Loren C. Fowler, 89, formerly of Camden, died Dec. 11, 2009, in Georgetown, Texas. He was born Dec. 19, 1919, in Bangor, the son of Clarence Daniel Fowler and Celia Inez Fowler.

Loren, “Bud” to his family and friends, was a man for all seasons. There was nothing that needed inventing or repairing or developing or testing or improving that he couldn’t accomplish, and in record time. He believed in simplicity of design and frequently made a repair or design better than the original.

In his early years he was involved in a variety of careers, some of them at the same time as others. Among other things he worked for a bank, ran a nursing home, owned and operated Old Town Taxi Company and an automobile repair facility. During World War II, after being called up for duty in the field artillery, Bud was released for medical reasons and immediately went to work in the aircraft industry. He became production manager at Pratt and Whitney and AVCO Co. in Connecticut and Jacobs Aircraft in Pennsylvania. In this position he oversaw the assembly and testing of literally thousands of aircraft engines vital to the war effort and used for years thereafter — even today. He also supervised final assembly and testing of both Atlas and Titan booster rockets and intercontinental ballistic missiles.

On his return to his native Maine he became captain and owner operator of the M/V Hippocampus out of Camden. The Hippo performed many missions, including hauling bait for lobstermen, transporting herring scales and carrying the mail to islands in Penobscot Bay. The Hippo later became the research and development platform for Bud’s many inventions and designs in support of marine industries. Among his many accomplishments was the first development of an underwater lighting system, which allowed photography in murky waters and at great depths. The lighting system was used on a wide variety of projects, such as the examination of a damaged fuel pier in Bucksport, the verification of correct positioning of a new waterline across the Kennebec River in Bath, a search for clues and possible treasure in the “Money Pit” in Nova Scotia, Canada, many underwater searches for lost valuables, boats, moorings, etc. up and down the Maine coast, and underwater research projects for Maine’s Department of Marine Resources. Bud also salvaged miles of heavy duty copper electrical wire, which spanned Penobscot Bay from the mainland to offshore islands.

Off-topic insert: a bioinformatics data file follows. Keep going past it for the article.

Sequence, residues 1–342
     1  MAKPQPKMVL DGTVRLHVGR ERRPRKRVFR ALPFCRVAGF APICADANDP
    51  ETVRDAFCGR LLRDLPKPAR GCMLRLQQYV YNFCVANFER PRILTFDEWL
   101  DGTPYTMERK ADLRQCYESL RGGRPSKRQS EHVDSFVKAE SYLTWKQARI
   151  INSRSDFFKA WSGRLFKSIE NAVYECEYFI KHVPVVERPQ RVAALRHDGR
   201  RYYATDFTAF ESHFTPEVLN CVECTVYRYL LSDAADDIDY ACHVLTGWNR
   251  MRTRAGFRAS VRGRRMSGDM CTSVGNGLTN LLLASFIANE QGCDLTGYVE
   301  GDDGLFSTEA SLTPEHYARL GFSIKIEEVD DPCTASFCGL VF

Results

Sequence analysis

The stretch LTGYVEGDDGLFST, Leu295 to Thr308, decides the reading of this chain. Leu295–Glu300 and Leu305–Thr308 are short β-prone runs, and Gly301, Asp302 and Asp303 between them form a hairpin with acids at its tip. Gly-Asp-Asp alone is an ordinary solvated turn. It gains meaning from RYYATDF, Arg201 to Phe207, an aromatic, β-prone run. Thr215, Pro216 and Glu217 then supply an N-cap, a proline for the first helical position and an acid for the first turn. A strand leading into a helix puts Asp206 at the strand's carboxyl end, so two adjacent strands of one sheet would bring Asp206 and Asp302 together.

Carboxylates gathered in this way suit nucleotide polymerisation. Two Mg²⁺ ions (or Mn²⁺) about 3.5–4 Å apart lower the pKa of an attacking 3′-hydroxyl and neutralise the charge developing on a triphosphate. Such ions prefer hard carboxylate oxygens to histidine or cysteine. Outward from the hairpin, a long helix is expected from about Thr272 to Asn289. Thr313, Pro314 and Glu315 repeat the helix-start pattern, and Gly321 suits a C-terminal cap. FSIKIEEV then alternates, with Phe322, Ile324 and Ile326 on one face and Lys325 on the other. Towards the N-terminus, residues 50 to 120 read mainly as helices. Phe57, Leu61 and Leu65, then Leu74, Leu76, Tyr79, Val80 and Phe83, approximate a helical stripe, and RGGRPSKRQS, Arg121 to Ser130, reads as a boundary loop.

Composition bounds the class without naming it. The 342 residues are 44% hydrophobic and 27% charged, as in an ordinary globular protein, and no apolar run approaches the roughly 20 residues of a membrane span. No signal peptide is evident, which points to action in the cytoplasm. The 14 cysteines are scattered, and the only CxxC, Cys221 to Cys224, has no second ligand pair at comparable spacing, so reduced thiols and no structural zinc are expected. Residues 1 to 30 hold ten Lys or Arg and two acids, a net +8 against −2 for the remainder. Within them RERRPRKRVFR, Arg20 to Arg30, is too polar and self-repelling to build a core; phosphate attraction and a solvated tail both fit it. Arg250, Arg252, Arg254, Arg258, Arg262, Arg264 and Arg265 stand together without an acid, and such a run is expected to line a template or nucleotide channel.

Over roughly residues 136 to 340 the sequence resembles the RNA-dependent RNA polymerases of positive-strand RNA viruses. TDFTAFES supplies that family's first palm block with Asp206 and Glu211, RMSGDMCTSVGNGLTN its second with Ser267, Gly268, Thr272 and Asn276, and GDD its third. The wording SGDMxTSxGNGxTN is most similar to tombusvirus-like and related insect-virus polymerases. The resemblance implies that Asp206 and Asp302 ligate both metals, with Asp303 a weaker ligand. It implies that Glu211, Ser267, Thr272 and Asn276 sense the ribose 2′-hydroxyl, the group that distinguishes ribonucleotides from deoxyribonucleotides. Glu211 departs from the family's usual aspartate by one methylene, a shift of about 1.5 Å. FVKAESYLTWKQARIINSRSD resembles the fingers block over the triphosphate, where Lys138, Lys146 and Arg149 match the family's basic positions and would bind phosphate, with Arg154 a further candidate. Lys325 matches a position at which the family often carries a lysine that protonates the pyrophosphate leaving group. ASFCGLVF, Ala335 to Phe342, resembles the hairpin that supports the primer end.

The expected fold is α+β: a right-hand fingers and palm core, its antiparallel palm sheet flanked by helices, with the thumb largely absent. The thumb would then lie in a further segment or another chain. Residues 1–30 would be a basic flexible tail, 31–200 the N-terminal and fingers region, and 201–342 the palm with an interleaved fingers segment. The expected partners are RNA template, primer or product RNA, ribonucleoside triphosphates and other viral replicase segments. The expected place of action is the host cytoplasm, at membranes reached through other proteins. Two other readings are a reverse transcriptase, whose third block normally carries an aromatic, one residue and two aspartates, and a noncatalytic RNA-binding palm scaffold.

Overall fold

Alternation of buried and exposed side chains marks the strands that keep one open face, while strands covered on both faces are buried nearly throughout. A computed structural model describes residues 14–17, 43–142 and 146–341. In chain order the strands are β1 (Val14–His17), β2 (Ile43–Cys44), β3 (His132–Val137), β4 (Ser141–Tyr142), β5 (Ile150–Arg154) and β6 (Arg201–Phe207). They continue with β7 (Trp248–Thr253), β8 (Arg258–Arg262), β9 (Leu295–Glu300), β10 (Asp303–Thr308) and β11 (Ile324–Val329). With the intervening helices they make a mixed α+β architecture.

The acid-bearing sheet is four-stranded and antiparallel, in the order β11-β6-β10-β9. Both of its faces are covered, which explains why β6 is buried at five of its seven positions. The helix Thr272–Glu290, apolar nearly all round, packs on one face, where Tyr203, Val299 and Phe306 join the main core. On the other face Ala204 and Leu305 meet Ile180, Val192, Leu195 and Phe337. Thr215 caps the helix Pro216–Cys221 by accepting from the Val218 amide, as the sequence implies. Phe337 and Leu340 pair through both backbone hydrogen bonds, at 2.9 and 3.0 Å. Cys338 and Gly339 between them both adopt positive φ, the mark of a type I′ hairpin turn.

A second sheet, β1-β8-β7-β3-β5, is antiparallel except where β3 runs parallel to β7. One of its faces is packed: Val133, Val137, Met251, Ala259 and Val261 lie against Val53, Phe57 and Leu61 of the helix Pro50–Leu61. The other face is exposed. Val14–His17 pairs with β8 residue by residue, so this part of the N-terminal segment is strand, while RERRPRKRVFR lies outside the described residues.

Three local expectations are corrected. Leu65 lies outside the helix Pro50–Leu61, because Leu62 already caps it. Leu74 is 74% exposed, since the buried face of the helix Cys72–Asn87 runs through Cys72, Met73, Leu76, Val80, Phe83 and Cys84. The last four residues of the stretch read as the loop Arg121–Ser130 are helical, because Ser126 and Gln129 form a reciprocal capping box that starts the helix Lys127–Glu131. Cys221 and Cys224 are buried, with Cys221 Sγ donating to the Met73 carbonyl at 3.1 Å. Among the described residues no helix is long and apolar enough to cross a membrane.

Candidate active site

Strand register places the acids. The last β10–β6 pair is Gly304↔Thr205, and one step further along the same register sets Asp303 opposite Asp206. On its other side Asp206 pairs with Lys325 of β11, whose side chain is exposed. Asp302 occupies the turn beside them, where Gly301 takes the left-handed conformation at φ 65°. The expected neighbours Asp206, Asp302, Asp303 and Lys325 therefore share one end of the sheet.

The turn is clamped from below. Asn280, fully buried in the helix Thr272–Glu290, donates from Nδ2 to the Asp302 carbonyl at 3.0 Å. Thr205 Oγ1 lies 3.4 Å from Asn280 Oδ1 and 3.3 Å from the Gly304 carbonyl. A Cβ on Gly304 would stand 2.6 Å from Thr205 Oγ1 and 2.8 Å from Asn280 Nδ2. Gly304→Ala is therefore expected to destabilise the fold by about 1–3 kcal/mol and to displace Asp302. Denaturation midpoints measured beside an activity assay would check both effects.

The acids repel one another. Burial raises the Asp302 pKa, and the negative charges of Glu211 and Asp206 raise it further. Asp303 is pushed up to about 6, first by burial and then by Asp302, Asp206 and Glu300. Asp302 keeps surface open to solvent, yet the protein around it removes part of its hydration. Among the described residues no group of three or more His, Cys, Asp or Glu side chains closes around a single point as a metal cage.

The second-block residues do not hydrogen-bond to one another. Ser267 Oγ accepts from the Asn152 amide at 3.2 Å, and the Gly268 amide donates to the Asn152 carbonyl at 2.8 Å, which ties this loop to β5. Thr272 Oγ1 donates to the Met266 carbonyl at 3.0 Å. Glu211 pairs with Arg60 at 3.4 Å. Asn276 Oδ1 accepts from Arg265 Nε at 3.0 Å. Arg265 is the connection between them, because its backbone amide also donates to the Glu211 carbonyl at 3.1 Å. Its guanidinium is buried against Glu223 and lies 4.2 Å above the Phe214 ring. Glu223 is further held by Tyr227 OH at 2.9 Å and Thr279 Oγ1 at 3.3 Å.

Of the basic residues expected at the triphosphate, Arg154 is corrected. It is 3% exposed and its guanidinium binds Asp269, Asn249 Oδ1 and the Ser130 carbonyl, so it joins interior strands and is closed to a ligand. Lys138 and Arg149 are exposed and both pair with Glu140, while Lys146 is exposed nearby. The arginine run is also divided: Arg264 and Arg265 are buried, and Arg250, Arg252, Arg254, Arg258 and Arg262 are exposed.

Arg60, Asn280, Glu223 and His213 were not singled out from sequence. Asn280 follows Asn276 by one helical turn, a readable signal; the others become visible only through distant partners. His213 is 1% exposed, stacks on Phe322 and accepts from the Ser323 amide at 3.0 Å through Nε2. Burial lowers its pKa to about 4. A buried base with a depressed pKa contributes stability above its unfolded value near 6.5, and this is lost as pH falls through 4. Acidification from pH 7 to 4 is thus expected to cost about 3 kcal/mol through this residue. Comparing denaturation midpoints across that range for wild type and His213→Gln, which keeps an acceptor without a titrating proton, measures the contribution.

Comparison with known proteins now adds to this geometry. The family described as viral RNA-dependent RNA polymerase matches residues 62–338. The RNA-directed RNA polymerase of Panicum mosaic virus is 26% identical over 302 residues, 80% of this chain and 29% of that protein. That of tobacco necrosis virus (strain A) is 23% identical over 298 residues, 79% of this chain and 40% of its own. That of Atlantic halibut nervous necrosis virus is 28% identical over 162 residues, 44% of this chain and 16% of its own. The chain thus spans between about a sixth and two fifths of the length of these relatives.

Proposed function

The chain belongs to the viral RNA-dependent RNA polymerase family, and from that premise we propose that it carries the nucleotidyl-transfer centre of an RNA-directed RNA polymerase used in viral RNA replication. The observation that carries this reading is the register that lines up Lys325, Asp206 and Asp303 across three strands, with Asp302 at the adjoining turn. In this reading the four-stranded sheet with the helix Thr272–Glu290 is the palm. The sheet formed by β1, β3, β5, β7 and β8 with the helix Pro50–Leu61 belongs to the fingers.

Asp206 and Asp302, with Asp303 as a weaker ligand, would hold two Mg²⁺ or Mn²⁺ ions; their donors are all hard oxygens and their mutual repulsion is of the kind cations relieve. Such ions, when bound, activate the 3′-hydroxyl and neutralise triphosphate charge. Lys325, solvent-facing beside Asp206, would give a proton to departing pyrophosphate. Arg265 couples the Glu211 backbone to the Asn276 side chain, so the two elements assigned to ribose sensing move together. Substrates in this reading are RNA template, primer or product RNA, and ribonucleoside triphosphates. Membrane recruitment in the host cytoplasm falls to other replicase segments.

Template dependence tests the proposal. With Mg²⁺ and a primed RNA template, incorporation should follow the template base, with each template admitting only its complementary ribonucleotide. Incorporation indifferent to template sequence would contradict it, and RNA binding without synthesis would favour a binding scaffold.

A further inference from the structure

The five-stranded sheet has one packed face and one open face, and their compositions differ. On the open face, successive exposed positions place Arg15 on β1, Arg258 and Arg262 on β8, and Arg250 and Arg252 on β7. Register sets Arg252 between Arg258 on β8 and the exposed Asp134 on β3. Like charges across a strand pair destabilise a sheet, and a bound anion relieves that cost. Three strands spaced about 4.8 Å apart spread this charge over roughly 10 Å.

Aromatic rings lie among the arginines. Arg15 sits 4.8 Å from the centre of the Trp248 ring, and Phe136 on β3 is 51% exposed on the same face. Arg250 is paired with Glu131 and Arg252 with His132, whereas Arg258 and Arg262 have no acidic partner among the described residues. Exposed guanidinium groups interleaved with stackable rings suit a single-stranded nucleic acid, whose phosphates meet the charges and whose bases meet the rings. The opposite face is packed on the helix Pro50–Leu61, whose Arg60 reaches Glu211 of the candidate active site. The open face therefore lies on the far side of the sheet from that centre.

As vice president-engineering of Coastal Engineering Industries of Camden, Bud designed, developed and tested the first-ever conversion for marine use of a line of John Deere diesel engines. He designed a massive lathe used to repair and metalize more than a dozen 19-inch vacuum dryer shaft journals for SeaPro Inc., a Rockland processing plant. He also performed a wide assortment of repair and rebuilding projects in support of fishermen and other marine interests in Coastal Maine.

In his middle years, Bud became an expert at recording electronics, including transcribing photographs, tapes and moving pictures into digital format. He also recorded major events such as Challenger launches at Cape Canaveral, Fla.. He prepared taped studies of major Maine events such as the Ellsworth Fire of 1933. Bud also prepared a series of entertainment tapes for use in nursing homes and additional tapes of interesting events and places to be provided to the troops in the Iraq War. All of these tapes were offered free of charge.

Bud gave generously of his time throughout his life and frequently lent an expert and helping hand to someone in need.

He is survived by his daughters, Lorraine Garrick and Janice McQuillen, both of Georgetown, Texas; his grandchildren, Bruce Daniel Fowler of Benton, Steven Loren Fowler of Portland, Daniel Steven Garrick of Georgetown, Texas, Kelly Garrick Mireles of Georgetown, Texas, Jonathan James Garrick of Granger, Texas, John Francis Fraser of Georgetown, Texas, Kenneth Loren Fraser of Gautier, Miss., and Lincoln Thomas Fraser of Shawmut, Maine; great-grandchildren Steven, Timothy, Danielle, Amy, Alyxis, Joshua, Skyler, Ryan, Victoria, and Alex; and great-great-grandchildren John and Mariah.

He was preceded in death by his first wife, Esther; a son, Bruce Daniel; and his second wife, Eleanor.

A memorial service in Camden is to be announced at a later date. Interment is at Cardville Cemetery, in Cardville, Maine.